Skip to content
My WebMD Sign In, Sign Up

Health Care Reform:

Health Insurance & Affordable Care Act

How to Find Low-Cost Health Insurance: FAQ

How do I find out if I'm eligible for a tax credit? If I am, how do I get it? I need the money now. I can't wait to get reimbursed.

There are subsidy calculators online that can give you rough estimates for how much money you might receive. When you go to your state's Marketplace and pick the exact plan you want, you'll be able to see exactly how much money you will get to help you.

One way the tax credits can work is that the government sends the money directly to the health plan you are joining. The plan uses that money to lower the amount you have to pay in premiums for the year. So each month, your premium cost is less than it would have been without the tax credit.

I've tried to get on Medicaid in the past but couldn't. Will my chances be better under the Affordable Care Act?

Possibly, but a lot depends on what state you live in.

Health reform called for more people to be able to get Medicaid starting in 2014. However, it's up to each state to decide whether to expand the program.

To find out if you can get on Medicaid now, visit the federal government's insurance and coverage finder on the federal government's web site, HealthCare.gov.It will tell you about Medicaid options in your state. It will also provide contact information for your state's Medicaid office, which may be able to tell you if the program is going to be expanded in your state.

What's the cheapest insurance I can get through the Marketplace?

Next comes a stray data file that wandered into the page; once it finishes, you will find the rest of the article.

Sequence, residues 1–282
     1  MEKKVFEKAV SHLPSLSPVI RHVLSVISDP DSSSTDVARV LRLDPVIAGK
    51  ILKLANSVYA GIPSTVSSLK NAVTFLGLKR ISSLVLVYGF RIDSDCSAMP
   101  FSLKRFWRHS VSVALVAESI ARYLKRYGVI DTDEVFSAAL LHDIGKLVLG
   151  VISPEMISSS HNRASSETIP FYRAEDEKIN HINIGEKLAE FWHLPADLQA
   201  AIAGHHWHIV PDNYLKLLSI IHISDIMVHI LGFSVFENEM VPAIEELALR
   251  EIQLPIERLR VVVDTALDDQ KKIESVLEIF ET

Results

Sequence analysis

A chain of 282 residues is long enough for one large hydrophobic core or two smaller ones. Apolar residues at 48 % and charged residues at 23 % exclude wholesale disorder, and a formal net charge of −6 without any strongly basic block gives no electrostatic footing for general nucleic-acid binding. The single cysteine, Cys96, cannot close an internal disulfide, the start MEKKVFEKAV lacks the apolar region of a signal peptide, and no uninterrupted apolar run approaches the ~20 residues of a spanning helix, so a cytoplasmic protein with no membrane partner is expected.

If you define cheap as the least amount to pay every month -- the lowest premium -- just for having insurance, then you may want to check out a "catastrophic" plan. This type of plan often has low premiums. It will also cover certain preventive health services that will be paid for entirely by the insurance plan.

Often, though, when a plan has a low premium, the deductible is higher. That's true for catastrophic plans. A deductible is the amount you have to pay for medical bills before your insurance plan starts to pay.

A catastrophic plan isn't for everyone. To get on this type of plan, you must be under 30 or unable to afford other coverage.

A high-deductible health plan (HDHP) is another choice to pay less each month.

If you need to get health care often, it might be cheaper for you to pay more each month so that you have a lower deductible. That means your health plan will start contributing to the cost of your care faster.

Calculate
Your Costs

See insurance premium
costs and financial aid.

Start Here

Health Insurance
Advisor

Find a plan that's right
for you.

Start Here

Your State's Insurance Marketplace

Get informed about plans, benefits and costs.

From WebMD

Latest Health Reform News

Loading …
URAC: Accredited Health Web Site HONcode Seal AdChoices